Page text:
What's Your 2040? A Review of Damon Gameau’s New Documentary
Updated: Aug 25, 2020
Last Sunday, Dan and I decided to go and see '2040', an Australian documentary by actor and director, Damon Gameau. We had seen it advertised on Facebook, and honestly weren't sure what to expect except a reminder of the damage humans have and still cause to the planet. Instead, however, we were surprised with a positive, refreshed outlook on what the future could hold.
The structure of the documentary is simple; Damon imagines what 2040 could look like for his now 4-year-old daughter if we change our ways, using only technology that already exists. To do this, he travels around the world looking at what different communities are doing to utilise current tools and technology to sustain themselves and the planet, chatting to plenty of scientists, innovators, experts, and children along the way.
His journey focuses on a number of key areas, including female empowerment and education, agriculture, renewable energy, and alternative transportation to name a few. One of the most fascinating ideas he puts forward for me is the possibility of having a circular economy. Gameau visits a Bangladesh village where the residents have set up a solar-powered grid system that gives all the residents electricity. Each household has a box, and each box is connected to a neighbouring box, and they can buy and sell electricity between themselves as and when they need to. This means they have complete control over what they used, they don't have to pay big corporations, and they can freely connect with neighbours in the same village and neighbouring villages too. Gameau goes on to explain how we could implement this in Western society, using flash-forwards to 2040 to show this. Not only would we be using renewable energy which is obviously much better for the environment, but we would also be getting rid of the need for big companies to exploit both us and the planet. Interestingly, this decentralised power system has been made illegal in some countries, which, although it was only a passing comment in the documentary, is definitely worth thinking about.
The other thing I found fascinating was his idea for changing the way we see transport. He travels to America to demonstrate this, explaining that cars are one of the highest contributors to emissions. Gameau explains how electric vehicles, community transport, and ride sharing could decrease this greatly using visual effects and animation to showcase his ideal. Although it looks and sounds perfect, Gameau makes it clear that he thinks this would be harder to implement than it sounds. However, understanding the industries that could bring about this change is one step closer to actually making it happen, and he discusses the possible outcomes with Professor Genevieve Bell, who notes, rather interestingly, that vehicles aren’t so much objects to get around anymore, but more a tool to show off social status and money. This, she explains, has only come about because of clever advertising. I currently can’t drive, however my partner can, and it is true that we have a bigger sense of freedom since owning a car, although we don’t see our little Skoda Fabia with its broken heaters and manual locking as particularly luxurious! Nevertheless, the idea of driver-less electric cars and futuristic buses does spark excitement in me. I can understand why people would be less inclined to give up their vehicles, but this change can only happen if they do. It’s interesting to wonder whether enough people would, or whether capitalism may come out on top on this occasion.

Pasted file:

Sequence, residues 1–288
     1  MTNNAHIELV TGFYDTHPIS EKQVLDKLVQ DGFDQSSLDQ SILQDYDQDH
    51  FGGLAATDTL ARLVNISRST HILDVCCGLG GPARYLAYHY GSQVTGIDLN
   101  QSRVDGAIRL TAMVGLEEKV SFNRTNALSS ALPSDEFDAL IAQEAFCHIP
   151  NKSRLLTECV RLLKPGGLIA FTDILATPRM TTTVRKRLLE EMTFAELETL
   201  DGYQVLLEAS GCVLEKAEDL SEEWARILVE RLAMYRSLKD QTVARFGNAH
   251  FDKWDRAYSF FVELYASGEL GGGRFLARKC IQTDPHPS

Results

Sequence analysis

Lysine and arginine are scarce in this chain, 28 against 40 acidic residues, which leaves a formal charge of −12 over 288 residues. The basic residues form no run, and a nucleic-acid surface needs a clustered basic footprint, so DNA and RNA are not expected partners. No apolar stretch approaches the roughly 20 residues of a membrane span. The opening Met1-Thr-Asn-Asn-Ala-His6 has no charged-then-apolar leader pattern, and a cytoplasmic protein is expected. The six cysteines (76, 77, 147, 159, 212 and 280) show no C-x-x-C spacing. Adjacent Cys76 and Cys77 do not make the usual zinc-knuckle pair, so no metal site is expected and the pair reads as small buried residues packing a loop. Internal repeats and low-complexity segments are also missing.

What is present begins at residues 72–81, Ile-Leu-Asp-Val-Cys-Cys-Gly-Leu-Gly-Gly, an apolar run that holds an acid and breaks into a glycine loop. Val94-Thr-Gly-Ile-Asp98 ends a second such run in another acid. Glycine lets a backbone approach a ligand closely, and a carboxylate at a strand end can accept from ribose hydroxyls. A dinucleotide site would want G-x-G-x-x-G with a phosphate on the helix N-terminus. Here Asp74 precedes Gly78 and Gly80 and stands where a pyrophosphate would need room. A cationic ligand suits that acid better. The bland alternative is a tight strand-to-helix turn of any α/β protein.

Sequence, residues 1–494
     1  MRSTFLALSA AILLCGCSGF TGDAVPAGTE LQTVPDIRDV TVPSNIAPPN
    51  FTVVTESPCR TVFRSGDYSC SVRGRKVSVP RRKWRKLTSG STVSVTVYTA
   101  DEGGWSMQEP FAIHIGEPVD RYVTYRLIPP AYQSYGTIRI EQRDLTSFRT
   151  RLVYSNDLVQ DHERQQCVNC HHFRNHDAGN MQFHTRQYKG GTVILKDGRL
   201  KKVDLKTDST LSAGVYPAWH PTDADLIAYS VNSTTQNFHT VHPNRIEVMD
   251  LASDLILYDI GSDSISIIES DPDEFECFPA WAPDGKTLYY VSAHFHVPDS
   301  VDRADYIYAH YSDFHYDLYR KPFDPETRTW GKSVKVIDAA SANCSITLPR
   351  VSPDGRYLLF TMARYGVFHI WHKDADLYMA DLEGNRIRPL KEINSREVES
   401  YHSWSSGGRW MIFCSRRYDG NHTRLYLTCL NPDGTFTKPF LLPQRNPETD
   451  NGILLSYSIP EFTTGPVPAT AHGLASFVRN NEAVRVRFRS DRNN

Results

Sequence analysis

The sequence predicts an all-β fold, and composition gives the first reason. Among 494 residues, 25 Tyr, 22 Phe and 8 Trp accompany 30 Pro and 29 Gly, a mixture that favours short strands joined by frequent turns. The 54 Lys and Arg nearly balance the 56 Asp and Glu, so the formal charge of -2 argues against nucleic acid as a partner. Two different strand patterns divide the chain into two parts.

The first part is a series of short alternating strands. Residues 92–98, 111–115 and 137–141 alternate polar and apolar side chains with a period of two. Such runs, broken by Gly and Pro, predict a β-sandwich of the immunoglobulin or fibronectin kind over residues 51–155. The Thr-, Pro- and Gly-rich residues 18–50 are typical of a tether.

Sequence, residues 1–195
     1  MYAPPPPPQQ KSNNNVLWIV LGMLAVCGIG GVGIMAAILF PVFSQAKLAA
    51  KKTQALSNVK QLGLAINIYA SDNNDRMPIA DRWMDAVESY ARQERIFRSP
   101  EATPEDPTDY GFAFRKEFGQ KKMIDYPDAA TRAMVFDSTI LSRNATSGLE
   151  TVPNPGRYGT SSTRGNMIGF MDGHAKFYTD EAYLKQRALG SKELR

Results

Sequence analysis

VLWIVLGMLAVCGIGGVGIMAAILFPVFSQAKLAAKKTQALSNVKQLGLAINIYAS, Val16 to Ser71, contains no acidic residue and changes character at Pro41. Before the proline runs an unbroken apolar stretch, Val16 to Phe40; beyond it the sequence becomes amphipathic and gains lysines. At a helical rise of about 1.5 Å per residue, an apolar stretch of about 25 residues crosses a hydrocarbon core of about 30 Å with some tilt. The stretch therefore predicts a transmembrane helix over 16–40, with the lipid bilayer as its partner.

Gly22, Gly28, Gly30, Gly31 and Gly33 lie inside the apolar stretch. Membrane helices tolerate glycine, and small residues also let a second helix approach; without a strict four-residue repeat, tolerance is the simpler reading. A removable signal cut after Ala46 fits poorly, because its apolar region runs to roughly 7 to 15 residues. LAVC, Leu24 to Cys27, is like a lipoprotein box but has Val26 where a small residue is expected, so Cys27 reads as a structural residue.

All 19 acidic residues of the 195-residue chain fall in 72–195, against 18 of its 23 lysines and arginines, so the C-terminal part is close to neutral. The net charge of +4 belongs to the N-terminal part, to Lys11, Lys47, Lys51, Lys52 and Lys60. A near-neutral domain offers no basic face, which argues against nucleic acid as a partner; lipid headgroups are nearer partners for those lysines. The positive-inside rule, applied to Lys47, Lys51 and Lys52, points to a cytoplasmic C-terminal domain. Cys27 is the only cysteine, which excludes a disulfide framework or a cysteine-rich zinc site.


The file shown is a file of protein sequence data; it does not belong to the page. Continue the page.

Another interesting and unusual outlook was the way agriculture was discussed. Instead of shaming all farmers for exploiting animals and land, like many other documentaries have done, Gameau looks at alternative ways of utilising land, growing crops, and caring for livestock that would have much more positive effects on the planet. Of course, we all know that veganism is one of the best ways to reduce your carbon footprint, however Gameau takes a much more realistic approach, and discusses what changes we can make to turn agriculture into a planet-friendly industry. I’d love to delve into this further however I’m certainly not an expert, and through fear of relaying the wrong information I’ll leave it to you to watch the documentary and see for yourself how he considers this happening.
Throughout the documentary, Gameau remains upbeat but realistic about our future on planet Earth. Through the use of exciting visuals and refreshing discussions, we truly do get to see a glimpse into a bright and healthy 2040. This optimism is only emphasised through the children he interviews as they explain what they want to see in twenty years from now, from rocket powered boots to the ability to eat hot dogs every single day. However, there’s no hiding the fact that it will be difficult and Gameau reiterates numerous times that we need to work together to make these changes happen.
Overall, it is accessible, inviting, and imaginative in its portrayal of what 2040 could look like, and definitely one to watch if you want to educate yourself further on what we can do to help without being disheartened or depressed by the current state of our planet.
You can find out where you can watch the documentary and join ‘the Regeneration’ here: https://whatsyour2040.com/